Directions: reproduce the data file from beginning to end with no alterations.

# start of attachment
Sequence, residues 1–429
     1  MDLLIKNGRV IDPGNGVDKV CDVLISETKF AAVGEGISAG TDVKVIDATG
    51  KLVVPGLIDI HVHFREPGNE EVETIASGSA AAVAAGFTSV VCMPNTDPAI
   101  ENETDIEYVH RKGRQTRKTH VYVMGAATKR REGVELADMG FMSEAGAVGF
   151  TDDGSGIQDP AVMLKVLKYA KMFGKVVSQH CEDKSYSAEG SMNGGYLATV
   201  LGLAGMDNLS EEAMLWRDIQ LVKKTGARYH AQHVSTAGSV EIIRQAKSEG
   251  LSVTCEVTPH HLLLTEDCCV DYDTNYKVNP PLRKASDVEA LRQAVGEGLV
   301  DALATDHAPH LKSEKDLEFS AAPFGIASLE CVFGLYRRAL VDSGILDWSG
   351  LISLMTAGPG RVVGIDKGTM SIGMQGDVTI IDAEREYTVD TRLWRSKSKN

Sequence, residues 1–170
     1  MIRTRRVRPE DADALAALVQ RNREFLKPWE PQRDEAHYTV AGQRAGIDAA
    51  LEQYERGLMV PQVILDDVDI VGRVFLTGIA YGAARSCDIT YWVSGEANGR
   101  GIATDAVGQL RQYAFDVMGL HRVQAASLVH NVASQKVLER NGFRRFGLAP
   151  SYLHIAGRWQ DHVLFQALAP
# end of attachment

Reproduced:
Sequence, residues 1–429
     1  MDLLIKNGRV IDPGNGVDKV CDVLISETKF AAVGEGISAG TDVKVIDATG
    51  KLVVPGLIDI HVHFREPGNE EVETIASGSA AAVAAGFTSV VCMPNTDPAI
   101  ENETDIEYVH RKGRQTRKTH VYVMGAATKR REGVELADMG FMSEAGAVGF
   151  TDDGSGIQDP AVMLKVLKYA KMFGKVVSQH CEDKSYSAEG SMNGGYLATV
   201  LGLAGMDNLS EEAMLWRDIQ LVKKTGARYH AQHVSTAGSV EIIRQAKSEG
   251  LSVTCEVTPH HLLLTEDCCV DYDTNYKVNP PLRKASDVEA LRQAVGEGLV
   301  DALATDHAPH LKSEKDLEFS AAPFGIASLE CVFGLYRRAL VDSGILDWSG
   351  LISLMTAGPG RVVGIDKGTM SIGMQGDVTI IDAEREYTVD TRLWRSKSKN

Sequence, residues 1–170
     1  MIRTRRVRPE DADALAALVQ RNREFLKPWE PQRDEAHYTV AGQRAGIDAA
    51  LEQYERGLMV PQVILDDVDI VGRVFLTGIA YGAARSCDIT YWVSGEANGR
   101  GIATDAVGQL RQYAFDVMGL HRVQAASLVH NVASQKVLER NGFRRFGLAP
   151  SYLHIAGRWQ DHVLFQALAP